Bankruptcy can help strained finances after divorce

Going through divorce can take a toll on people's finances. As people split, they often face juggling increased expenses with decreased income. People may have to adjust to living on reduced incomes as the same amount of income which previously supported one household must now support two. In many cases, people find themselves falling further and further behind on paying their bills and feel scared and depressed and overwhelmed. People who have gone through divorce should be aware of some of the debt relief possibilities available by filing bankruptcy.

Options for debt relief

In many cases, when the court divides property in a divorce property settlement, the court allocates marital debt between the parties as well as the couple's assets. With the economy's still slow recovery after the Great Recession which began in or around 2008, debt is the often the only thing remaining between the spouses to divide in many divorces.

Filing bankruptcy may help to deal with the management of debts that after a divorce. Chapter 7 bankruptcy in some instances can be a solution, as it could allow a person to discharge certain (dischargeable) debts which might include past due credit card bills, medical debt, unsecured loans or unpaid utilities. However, a Chapter 7 discharge excludes "Domestic Support Obligations" defined by the Bankruptcy Code such as alimony and child support or other court ordered payments.

In most instances, a Chapter 7 Debtor may retain all of his or her assets. Sometimes a Chapter 7 is referred to as a liquidation bankruptcy, but despite the name, it is typically only a person's non-exempt assets that are sold in order to pay claims owed to creditors. The exemption laws which govern what property is to be claimed as exempt from the reach of creditors are liberal. As such, most individuals who file for relief under the provisions of Chapter 7 have no assets which can be liquidated, and they are able to retain their possessions. Before filing for bankruptcy, a person should consult with a lawyer who is knowledgeable and specializes in bankruptcy, as that person will be able to assist in determining if personal assets will be lost in the case of a Chapter 7 filing.

Chapter 13 is another option which may be appropriate for a person with financial difficulties but who does not qualify for Chapter 7 due to income or because they may have non-exempt assets which they would like to retain. Chapter 13 is also an excellent solution to be considered by those who may have fallen behind on mortgage payments, have outstanding tax obligations or have defaulted in making the required alimony or child support payments. A Chapter 13 bankruptcy filing can also be useful for those who are looking to save their homes from foreclosure.

The filing of a bankruptcy acts to create an automatic stay which immediately halts the foreclosure sale proceedings (subject to certain limitations which may not enable the automatic stay to go into effect) as well as wage garnishments, repossessions and collection activities. A Chapter 13 filing provides a repayment period of up to 60 months of time to become current with past due mortgage payments, Domestic Support Obligations, tax obligations, car payments, etc. Chapter 13 also enables a person to address credit card bills, utility bills, medical debt and other unsecured loans so that a fresh start may be obtained after completion of the Chapter 13 Wage Earner Plan payments and the resulting entry of a discharge.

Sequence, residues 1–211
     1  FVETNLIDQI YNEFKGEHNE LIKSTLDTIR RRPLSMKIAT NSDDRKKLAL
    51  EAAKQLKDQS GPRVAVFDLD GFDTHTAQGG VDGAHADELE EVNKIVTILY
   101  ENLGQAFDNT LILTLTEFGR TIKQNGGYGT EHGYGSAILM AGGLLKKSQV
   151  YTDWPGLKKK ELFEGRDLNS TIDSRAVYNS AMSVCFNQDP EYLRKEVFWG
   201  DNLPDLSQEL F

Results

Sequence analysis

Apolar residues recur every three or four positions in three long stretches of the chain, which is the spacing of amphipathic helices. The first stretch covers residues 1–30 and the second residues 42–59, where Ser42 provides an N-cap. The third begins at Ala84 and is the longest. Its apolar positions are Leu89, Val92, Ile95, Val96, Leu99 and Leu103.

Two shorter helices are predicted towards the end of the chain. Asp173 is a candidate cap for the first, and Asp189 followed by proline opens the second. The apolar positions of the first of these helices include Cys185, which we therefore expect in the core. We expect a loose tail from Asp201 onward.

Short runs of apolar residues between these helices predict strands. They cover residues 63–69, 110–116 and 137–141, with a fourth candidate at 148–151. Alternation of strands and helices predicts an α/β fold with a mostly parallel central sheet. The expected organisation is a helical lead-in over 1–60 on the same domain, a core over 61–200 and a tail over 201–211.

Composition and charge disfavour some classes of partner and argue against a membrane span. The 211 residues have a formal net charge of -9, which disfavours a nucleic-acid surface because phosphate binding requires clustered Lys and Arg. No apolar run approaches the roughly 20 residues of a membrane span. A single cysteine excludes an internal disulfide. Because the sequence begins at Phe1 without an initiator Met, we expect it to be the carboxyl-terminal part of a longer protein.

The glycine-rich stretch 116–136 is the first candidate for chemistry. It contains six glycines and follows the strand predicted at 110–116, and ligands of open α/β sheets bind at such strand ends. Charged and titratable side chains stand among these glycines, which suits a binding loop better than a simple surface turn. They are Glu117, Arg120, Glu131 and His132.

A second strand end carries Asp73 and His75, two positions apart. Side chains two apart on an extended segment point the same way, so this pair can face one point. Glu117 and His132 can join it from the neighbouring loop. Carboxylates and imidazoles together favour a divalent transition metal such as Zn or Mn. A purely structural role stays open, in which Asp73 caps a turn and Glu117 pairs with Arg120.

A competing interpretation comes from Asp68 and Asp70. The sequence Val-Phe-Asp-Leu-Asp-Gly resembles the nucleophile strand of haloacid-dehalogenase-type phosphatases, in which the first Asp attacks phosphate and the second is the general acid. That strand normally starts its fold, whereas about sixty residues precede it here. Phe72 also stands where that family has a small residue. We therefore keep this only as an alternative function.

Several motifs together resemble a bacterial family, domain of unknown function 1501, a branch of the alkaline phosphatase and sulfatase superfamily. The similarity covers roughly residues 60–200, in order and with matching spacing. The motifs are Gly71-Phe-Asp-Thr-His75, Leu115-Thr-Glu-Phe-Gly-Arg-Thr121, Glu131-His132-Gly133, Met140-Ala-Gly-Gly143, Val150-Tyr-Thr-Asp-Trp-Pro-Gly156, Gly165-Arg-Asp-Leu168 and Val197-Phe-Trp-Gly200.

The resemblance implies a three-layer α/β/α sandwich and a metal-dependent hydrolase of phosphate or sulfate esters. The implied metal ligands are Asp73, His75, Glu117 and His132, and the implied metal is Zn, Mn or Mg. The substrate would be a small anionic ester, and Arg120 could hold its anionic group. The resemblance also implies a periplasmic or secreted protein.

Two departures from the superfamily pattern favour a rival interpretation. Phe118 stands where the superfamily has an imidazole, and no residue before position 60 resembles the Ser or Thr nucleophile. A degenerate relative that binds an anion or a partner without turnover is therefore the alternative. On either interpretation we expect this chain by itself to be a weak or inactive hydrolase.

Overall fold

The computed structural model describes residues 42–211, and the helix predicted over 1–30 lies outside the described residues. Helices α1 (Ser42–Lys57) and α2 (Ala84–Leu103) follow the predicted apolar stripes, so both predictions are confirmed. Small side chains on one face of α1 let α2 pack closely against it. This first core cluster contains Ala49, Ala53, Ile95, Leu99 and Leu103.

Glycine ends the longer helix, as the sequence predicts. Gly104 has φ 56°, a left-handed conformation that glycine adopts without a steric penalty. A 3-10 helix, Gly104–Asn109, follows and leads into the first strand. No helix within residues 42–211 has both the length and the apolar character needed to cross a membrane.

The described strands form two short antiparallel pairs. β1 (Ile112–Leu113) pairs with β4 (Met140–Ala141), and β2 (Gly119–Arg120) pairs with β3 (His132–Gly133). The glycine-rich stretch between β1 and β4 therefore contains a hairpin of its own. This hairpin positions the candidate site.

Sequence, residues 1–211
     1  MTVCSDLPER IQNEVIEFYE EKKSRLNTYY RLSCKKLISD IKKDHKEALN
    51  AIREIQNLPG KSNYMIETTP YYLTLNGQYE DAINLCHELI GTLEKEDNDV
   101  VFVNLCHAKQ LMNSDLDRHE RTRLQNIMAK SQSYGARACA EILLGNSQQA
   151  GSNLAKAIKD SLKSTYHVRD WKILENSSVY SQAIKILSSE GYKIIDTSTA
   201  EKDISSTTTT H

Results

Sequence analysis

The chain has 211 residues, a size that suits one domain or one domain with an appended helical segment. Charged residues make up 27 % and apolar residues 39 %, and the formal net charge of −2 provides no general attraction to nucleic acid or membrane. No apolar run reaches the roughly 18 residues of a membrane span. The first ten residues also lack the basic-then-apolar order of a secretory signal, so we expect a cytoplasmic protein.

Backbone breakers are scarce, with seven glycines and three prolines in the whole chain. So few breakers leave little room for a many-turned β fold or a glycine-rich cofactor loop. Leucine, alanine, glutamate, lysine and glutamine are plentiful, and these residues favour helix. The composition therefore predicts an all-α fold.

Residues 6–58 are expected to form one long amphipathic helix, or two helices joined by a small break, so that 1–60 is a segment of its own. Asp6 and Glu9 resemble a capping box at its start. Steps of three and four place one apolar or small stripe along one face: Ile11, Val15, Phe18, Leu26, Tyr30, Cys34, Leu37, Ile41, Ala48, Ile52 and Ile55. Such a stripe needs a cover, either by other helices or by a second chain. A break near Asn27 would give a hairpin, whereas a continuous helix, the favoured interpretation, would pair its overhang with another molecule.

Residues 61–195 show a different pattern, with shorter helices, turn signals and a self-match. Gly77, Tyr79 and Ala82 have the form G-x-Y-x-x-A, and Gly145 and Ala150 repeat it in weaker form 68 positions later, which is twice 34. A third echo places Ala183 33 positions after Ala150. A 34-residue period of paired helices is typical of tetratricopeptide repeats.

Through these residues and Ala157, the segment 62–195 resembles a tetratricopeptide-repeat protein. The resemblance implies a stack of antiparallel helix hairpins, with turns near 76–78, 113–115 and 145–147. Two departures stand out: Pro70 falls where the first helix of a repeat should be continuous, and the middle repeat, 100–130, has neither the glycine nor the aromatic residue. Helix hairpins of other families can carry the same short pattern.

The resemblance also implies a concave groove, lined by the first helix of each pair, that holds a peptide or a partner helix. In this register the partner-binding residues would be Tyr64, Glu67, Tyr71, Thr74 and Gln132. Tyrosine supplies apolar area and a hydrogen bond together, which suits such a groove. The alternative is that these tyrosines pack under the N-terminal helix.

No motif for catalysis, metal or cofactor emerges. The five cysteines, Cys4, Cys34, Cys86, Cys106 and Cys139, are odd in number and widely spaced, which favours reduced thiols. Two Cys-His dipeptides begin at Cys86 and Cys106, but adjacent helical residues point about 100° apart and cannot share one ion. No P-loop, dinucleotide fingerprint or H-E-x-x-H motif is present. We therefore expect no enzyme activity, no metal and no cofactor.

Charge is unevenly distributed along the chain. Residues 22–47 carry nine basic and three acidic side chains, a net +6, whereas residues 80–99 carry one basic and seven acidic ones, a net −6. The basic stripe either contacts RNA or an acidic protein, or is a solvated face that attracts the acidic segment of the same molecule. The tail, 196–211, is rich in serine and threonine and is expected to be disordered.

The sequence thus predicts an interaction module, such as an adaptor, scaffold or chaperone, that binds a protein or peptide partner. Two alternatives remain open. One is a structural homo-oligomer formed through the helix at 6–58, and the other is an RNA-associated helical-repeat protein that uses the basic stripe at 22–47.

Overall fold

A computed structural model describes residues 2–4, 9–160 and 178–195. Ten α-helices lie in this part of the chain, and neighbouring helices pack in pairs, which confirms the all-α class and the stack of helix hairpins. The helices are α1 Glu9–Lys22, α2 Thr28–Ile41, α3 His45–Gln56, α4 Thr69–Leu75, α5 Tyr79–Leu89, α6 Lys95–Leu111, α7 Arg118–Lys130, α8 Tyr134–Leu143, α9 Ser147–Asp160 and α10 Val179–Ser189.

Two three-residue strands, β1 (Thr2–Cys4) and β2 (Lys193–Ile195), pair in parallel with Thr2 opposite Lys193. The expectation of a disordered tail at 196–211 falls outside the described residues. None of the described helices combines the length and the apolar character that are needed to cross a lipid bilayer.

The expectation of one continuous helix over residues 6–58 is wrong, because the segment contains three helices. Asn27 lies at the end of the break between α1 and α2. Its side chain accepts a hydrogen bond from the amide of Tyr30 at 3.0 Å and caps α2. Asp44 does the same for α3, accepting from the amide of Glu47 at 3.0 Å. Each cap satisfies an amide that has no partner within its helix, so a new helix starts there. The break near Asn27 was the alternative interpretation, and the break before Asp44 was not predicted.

Bankruptcy and spousal support

Not all debts may be discharged in bankruptcy. Among other obligations, bankruptcy law prohibits the discharge of "Domestic Support Obligations," which includes alimony and child support and may also include other payment obligations ordered to be paid to or on behalf of a former spouse or dependant. However, even with spousal support obligations that cannot be discharged, many individuals who have gone through a divorce can benefit from a bankruptcy solution. As noted above, a Chapter 13 repayment plan may be a tool with which a person can get caught up on the repayment of past due alimony or back child support payments they owe to their ex-spouses. After the repayment plan is completed, and assuming that the Domestic Support Obligations have been paid during the course of the proceedings, the court issues an order and the debtor is discharged from the dischargeable debts. After a Chapter 13 discharge is obtained, a person should be in a better financial position to make support payments in the future and avoid the stresses of debt collection while trying to keep current with payments due for alimony or child support.

Those who file Chapter 7 bankruptcy will not receive a discharge of any unpaid alimony or child support debts. However, when people discharge their other debts in bankruptcy, it should be easier for people to pay what they owe.

Speak with an attorney

Dealing with debt after the stresses of a divorce can seem overwhelming. Even though the time immediately following divorce can be difficult for people, they do not have to struggle with finances alone. People dealing with debt after divorce should seek the assistance of an attorney knowledgeable about how bankruptcy and divorce interact who can discuss the debt relief options available with them.